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In 1992, the mail received by La Jolla native Coleen Jan Paderewski drove her postal carrier insane with curiosity. He had never delivered an actual envelope from the White House to anyone before, much less two dozen in two weeks. Finally, the guy just blurted it out: “Who are you?!!” It can be safely assumed that the carrier was neither a big fan of classical music nor an American of Polish descent.
Two new exhibitions have opened at Athenaeum Music & Arts Library in La Jolla — “Christine Oatman: Stories of Innocence and Experience: Altered Mid-20th Century Children’s Books in Pedagogic Tableaux” and “Artists’ Books from the Steven Leiber Catalogs.” The exhibits are on display Jan. 11-March 7, 2020.
Yearning for a mid-winter getaway to Italy? The La Jolla Community Center is offering the next best thing — an Italian Film Series, arriving Jan. 23, 2020 and departing Feb. 14 at 6811 La Jolla Blvd. “There will be a four films shown, all with English subtitles,” said Barbara Burton Graf, the center’s marketing director. “A social will precede the screenings at 6:30 p.m., and the films will begin at 7 p.m. on four consecutive Thursdays.” She added that film curator Giuseppe Annino selected the titles from the vast number of memorable Italian films, and “each captures the culture of Italy, the character of its people, and tells a story of people dealing with difficulty, but with the element of humor.”
Byron Dorgan (U.S. congressman and senator from North Dakota for 30 years before retiring in January 2011) will discuss his book “The Girl in the Photograph: The True Story of a Native American Child, Lost and Found in America,” 2 p.m. Saturday, Jan. 18, 2020 at D.G. Wills Books, 7461 Girard Ave., La Jolla. Through the story of Tamara, an abused Native American child, Dorgan describes the plight of many children living on reservations and offers hope for the future.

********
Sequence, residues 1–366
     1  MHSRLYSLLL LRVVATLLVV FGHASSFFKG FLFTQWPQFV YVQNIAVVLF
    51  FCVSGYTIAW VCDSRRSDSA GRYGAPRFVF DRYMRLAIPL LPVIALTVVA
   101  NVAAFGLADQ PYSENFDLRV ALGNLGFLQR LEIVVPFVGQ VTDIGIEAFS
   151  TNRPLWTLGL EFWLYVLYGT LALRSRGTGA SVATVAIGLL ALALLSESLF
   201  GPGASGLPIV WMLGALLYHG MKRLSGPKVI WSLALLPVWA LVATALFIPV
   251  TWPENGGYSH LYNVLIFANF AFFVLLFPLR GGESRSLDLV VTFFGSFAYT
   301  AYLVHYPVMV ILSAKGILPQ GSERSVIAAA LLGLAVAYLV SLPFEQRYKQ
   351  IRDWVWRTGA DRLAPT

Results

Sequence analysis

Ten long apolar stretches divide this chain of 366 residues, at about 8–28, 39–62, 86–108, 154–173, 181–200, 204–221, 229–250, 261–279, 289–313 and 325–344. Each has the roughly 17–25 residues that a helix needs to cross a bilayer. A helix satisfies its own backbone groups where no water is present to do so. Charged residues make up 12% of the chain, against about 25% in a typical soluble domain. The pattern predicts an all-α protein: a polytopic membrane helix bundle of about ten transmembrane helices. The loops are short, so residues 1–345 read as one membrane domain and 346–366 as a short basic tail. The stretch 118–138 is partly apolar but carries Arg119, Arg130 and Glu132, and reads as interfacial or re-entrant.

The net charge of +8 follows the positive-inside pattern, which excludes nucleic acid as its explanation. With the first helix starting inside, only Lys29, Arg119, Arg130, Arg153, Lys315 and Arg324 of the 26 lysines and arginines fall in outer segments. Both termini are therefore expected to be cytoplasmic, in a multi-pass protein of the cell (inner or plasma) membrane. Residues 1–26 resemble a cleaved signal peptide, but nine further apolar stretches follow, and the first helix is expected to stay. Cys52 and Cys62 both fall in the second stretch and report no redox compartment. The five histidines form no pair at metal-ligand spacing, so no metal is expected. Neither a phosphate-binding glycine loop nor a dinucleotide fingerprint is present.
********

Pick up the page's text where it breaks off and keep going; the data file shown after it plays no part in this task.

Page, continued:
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Jackson Design and Remodeling’s award-winning team of designers and architects have compiled their annual list of the top design trends for the new year. Continuing an evolving movement toward expressing individuality in home design, 2020 trends range from the humble to the bold. Organic handmade elements, “lived in” minimalism and “Japandi” design connect with an emphasis on simplicity and wellness. On the other end of the (decidedly retro) spectrum are bold geometrics, 3-D walls, and nostalgia for colors and materials from the 1970s and 1980s.
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